Revealed: The very unflattering side-effect of Ozempic… and the experts’ guide to fixing it

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Written By Rivera Claudia

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The more we discover about the drug Ozempic, the more excited we get. Licensed here for use by diabetics but sold privately as a weight loss treatment, it’s helped many reach their target size and shape already, with little sense of privation at all.

But there’s a problem. With rapid weight loss comes sag, and lots of it. If you lose the fat but leave the excess skin, parts of the body that were hitherto smooth and taut – the face, the neck, the tummy, even the tops of the knees – will suddenly look wrinkly and old. 

It’s no good feeling confident enough to restock your wardrobe in a smaller size if your ‘Ozempic Face’ makes you want to hide away.

Naturally, the cosmetic industry has come up with a host of remedies. ‘The Post-Ozempic Makeover is very much a thing,’ says Dr Raj Thethi from the Yorkshire Skin Centre, which has seen a surge of requests for skin laxity treatments. 

‘Patients want solutions for the loss of volume in the front of the face, hollowing around the eyes and jowls, as well as loose skin on the body.’

In London, Esther Fieldgrass, owner of the EF Medispa clinics, agrees. ‘There’s been a massive increase in the number of women who have taken Ozempic seeking treatments for loss of facial volume. Requests for under eye tear trough fillers in our clinics have increased 70% in the last year alone.’

It’s important to change your eating habits while taking Ozempic as a large number of users report rapid weight gain after they stop using the drug

Tired, sunken eyes are a giveaway, say aestheticians, but not all fixes involve injectables. NeoGen Power Glow Tightening Treatment (from £500; neogenplasma.co.uk) targets the undereye area with thermal energy to rebuild fibroblast cells which boost collagen.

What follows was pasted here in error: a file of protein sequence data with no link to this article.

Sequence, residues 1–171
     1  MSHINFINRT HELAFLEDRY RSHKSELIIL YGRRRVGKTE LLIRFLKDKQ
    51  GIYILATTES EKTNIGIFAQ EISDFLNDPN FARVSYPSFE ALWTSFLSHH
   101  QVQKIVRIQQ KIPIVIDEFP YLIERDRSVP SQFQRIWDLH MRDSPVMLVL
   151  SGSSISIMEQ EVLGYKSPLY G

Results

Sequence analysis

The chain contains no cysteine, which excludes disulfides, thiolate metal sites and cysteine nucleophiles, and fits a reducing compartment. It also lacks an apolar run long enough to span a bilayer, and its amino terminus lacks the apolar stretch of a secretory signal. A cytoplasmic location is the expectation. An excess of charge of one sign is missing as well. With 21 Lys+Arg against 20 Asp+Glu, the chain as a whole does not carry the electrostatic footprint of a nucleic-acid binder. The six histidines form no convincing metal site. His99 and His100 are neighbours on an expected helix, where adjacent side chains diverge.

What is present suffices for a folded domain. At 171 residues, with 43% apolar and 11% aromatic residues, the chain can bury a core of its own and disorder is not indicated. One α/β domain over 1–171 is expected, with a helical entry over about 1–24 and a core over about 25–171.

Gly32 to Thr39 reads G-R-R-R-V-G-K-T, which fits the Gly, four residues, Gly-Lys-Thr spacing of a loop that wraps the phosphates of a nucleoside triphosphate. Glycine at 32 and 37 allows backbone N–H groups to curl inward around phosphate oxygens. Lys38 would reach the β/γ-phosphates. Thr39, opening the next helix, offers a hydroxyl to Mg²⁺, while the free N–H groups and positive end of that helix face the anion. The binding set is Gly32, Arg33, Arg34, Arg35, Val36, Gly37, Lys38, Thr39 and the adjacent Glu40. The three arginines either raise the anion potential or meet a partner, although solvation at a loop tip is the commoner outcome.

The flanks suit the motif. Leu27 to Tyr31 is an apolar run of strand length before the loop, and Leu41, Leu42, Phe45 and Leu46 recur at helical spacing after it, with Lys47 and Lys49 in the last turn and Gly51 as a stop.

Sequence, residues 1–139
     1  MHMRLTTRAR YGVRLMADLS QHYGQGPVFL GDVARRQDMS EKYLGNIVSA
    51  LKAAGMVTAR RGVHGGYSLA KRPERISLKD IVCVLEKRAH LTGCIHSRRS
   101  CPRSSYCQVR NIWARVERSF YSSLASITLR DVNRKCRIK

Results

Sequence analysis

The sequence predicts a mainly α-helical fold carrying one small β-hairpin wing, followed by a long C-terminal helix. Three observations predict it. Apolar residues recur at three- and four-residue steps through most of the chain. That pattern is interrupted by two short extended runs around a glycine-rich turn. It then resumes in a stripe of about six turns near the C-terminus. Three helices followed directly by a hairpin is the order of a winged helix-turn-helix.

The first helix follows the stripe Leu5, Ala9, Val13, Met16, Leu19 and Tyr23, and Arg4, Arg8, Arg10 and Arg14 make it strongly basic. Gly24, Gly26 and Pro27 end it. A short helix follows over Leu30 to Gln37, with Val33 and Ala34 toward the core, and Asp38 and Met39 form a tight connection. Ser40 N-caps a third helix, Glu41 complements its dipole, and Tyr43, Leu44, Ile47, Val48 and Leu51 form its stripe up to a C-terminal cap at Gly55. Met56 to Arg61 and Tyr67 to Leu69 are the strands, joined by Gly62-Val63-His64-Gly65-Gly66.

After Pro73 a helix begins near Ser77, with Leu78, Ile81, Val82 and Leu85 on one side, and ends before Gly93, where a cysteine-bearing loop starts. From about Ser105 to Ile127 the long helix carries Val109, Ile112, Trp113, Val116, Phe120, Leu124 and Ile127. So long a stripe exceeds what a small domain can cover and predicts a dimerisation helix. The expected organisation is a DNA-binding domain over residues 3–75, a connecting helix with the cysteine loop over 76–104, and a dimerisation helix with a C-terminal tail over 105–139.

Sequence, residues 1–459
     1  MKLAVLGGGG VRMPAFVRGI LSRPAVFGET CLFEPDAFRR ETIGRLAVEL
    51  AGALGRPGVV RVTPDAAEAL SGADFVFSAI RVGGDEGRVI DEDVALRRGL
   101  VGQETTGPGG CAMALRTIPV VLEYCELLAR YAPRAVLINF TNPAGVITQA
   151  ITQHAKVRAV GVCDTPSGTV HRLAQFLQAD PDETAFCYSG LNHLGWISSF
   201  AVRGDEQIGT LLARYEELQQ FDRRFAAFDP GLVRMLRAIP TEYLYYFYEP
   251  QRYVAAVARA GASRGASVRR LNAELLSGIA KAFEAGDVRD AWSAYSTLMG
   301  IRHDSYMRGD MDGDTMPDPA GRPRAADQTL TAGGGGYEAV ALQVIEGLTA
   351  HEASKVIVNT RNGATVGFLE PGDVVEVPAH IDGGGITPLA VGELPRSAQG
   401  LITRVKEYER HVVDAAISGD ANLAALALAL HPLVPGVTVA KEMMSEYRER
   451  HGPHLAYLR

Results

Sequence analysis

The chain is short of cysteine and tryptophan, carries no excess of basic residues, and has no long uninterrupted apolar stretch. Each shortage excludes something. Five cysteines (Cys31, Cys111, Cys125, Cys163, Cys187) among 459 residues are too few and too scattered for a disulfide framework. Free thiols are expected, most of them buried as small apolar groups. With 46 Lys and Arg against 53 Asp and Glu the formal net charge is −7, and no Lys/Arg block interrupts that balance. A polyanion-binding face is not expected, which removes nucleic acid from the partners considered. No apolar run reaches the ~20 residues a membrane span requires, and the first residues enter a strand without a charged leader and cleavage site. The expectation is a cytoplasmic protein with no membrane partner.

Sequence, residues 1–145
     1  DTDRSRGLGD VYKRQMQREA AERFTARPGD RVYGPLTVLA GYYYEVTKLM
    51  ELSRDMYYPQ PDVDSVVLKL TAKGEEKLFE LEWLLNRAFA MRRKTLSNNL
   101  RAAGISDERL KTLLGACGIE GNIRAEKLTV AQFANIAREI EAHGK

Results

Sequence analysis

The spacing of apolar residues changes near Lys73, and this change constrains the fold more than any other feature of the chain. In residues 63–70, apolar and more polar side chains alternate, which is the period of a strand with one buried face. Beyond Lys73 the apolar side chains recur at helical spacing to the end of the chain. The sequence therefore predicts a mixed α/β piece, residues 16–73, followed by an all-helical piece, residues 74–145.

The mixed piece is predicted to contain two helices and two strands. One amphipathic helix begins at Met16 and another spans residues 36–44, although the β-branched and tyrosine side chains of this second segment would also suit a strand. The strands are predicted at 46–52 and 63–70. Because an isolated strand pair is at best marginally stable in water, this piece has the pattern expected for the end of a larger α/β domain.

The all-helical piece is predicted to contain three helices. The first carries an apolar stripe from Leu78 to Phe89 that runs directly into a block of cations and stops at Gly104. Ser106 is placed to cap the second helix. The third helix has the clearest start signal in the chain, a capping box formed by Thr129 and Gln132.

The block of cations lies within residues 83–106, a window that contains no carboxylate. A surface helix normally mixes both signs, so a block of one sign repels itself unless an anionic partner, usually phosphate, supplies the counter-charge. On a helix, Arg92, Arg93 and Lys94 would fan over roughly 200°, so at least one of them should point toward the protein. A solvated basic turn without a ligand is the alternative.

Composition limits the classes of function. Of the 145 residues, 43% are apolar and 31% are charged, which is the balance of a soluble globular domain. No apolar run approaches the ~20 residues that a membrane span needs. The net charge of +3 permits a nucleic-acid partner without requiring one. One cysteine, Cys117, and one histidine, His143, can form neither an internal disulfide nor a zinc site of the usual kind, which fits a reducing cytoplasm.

A virtually painless treatment taking less than five minutes, with slight flushing of the skin for only an hour afterwards, it’s a favourite with High Net Worth women across the country.

What about the neck? For the re-contouring of post-Ozempic turkey jowls and wobbly jawlines, many cosmetic practitioners are using Sculptra (from £550 consultingroom.com), an injectable collagen enhancer made of Poly-L-Lactic Acid, which is inserted via a cannula into areas that have lost volume. 

Patients can expect some tenderness, swelling and occasional bruising but this subsides after a few days. The ultimate stealth treatment – meaning friends won’t be able to put a finger on what’s making you look so good – Sculptra delivers results subtly after about six weeks, peaking four months after treatment as new collagen networks start to form. 

A course of two treatments spaced six weeks apart is recommended, with results lasting about two years.

Brazilian doctors – who else? – are also pioneering a new Sculptra protocol available at London’s The Taktouk clinic to perk up flat, saggy buttocks (drwassimtaktouk.com). With prices starting at £3,000, it’s not cheap.

Other slack-skinned, post-Ozempic trouble spots include the tops of the knees and arms and the abdomen, which is prone to crinkling especially around the belly button. 

The new Morpheus8 3D Body treatment is an uncomfortable pricey option too (£1,000 per session; inmodemd.co.uk) but claims to remodel and tighten the underlying framework of the skin – enhancing bonds between collagen and elastin fibres – using radio energy waves via 40 gold-plated micro pins. 

For best outcomes, a course of three sessions every four to six weeks is recommended. Results will keep improving for up to 12 to 18 months.

The makeover isn’t just about the cosmetic clinic, however. To stop the pounds from piling back on, trainer Dalton Wong of Twenty-Two Training, who counts actress Jennifer Lawrence among his clients, recommends focusing on strength training in the gym. 

To preserve lean muscle, key exercises such as squats, lunges, dead lifts, and push ups should be prioritised over cardio workouts.

‘Post Ozempic, people’s energy levels are usually lower as they have been eating far less, so I recommend focusing on shorter 30-minute sessions, three to four times per week,’ he says.

Rose Ferguson, celebrity nutritionist, and partner of London’s latest wellbeing club, The Surrenne at Claridges Hotel, adds: ‘Post-Ozempic, it’s crucial to consume a balanced diet rich in whole, nutrient-dense foods. Prioritise lean proteins such as fish, poultry, and plant-based sources like beans and lentils to support muscle mass.’

Finally, it’s important to change your eating habits while taking Ozempic to avoid what doctors are referring to as ‘Ozempic rebound’ as a large number of users report rapid weight gain after they stop using the drug. 

Adopting healthy eating habits is key to extending and preserving the longevity of the Ozempic makeover.

Olivia Falcon is founder of @theeditorslist

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